Many people believe that estate planning only concerns older, wealthy individuals. However, we all need to plan for what happens to our assets in the event of our death or situations where we aren't in the position to make decisions for ourselves.
There is a perception that this kind of financial planning is complicated. However, all it requires is taking care of some key things as outlined below.
Here are the basics of estate planning to help you get started.
Draw Up a Will
Drawing up a Will is relatively straightforward. Essentially, this document dictates what happens to your assets after you die.
When you are making your Will, you appoint:
- an executor of your Will
- an alternative executor in case they are unavailable
Your Will should dictate who will receive your assets upon your death. Additionally, it should detail any conditions that must be satisfied before receiving any inheritance. Furthermore, it's essential to name a guardian if you have children.
Many believe their estate will automatically go to their spouse even if they don't make a Will. However, this depends on the individual state, so ensure you get the right advice.
You can set up beneficiary designations for your assets. This process can be done with your bank account, property, real estate, investment portfolio, etc.
This kind of financial planning takes these assets away from the estate, reducing court costs. The benefit is a more simple, direct, and quicker process.
Power of Attorney
A Power of Attorney grants one or more individuals the authority to act as your agent. The authority may be applied generally or restricted to a specific activity, such as concluding the sale of your property. With a valid Power of Attorney, your agent can take any action permitted in the document.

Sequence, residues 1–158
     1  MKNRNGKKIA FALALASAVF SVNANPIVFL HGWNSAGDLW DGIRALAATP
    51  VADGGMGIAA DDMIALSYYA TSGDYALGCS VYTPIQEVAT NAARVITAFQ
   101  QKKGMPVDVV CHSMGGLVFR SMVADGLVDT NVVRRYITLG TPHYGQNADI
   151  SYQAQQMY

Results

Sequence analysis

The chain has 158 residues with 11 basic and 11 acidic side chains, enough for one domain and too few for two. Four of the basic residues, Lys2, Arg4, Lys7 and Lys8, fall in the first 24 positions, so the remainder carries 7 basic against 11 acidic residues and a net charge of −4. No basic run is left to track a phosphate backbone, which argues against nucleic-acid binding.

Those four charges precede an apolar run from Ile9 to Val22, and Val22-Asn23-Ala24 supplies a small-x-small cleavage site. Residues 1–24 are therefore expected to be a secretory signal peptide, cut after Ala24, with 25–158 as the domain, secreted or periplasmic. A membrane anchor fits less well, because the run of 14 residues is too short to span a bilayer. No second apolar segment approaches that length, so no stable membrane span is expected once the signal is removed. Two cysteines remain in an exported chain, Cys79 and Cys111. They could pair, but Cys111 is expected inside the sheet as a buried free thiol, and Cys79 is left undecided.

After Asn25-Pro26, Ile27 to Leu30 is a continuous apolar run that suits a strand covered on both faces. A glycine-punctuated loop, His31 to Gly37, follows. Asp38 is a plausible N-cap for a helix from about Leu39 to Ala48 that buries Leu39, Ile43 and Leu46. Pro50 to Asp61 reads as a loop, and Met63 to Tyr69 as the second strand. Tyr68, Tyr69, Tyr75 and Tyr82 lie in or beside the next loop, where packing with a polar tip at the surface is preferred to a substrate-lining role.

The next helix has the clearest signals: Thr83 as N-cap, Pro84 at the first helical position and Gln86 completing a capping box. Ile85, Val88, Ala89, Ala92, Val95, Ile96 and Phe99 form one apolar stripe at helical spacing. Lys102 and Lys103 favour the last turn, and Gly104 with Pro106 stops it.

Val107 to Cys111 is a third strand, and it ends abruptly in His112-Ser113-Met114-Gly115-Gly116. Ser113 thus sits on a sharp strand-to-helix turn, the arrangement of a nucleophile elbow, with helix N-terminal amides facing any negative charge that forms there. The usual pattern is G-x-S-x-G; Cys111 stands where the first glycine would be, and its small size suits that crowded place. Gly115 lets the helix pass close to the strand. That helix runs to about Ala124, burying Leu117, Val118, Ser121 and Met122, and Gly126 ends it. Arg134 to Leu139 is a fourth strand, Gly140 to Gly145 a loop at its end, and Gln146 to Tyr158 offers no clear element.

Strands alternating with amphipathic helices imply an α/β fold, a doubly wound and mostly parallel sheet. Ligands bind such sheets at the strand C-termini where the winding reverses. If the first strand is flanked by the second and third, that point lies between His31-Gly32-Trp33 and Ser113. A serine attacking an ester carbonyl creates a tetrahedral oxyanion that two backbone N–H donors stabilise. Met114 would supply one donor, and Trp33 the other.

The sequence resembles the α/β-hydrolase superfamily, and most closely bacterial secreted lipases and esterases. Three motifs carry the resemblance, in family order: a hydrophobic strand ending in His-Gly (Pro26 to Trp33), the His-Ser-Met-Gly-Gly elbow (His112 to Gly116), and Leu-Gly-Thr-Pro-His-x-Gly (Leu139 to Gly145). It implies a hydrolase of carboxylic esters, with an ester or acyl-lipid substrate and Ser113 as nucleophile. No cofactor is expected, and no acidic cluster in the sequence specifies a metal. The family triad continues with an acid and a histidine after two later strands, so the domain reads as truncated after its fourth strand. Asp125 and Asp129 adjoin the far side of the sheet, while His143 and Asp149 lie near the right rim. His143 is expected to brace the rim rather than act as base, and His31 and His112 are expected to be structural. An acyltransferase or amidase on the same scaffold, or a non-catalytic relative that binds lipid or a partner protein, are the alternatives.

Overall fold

A Power of Attorney applies only when you are living. It is essential that you choose someone you can trust to make decisions for you. For example, it can allow your agent to withdraw from your bank account or sell your assets.
A Living Will is another essential aspect of estate planning. This document will give directions for life-saving procedures that you may or may not want in the event of an accident or illness — for example, a do not resuscitate order.
Choosing someone as your health care agent is crucial. This document allows someone to make decisions about your health on your behalf when you cannot make them. Many people choose their spouse or a child for this role. However, the most important thing is choosing someone you can unconditionally trust.
Make sure you discuss your wishes with your health care agent and provide them with a signed copy of your Living Will.
Take Care of Your Estate Planning Today
Financial planning in the event of death or illness is easy to put off. It's natural to believe that these are things you can take care of in the future. However, life is full of unexpected situations.
It is important for you, your family, and your loved ones that you have an estate plan in place. Contact us today to discuss the process so you can get your estate in order and return to enjoying life without being concerned about what may happen with you, your hard-earned money, and your assets.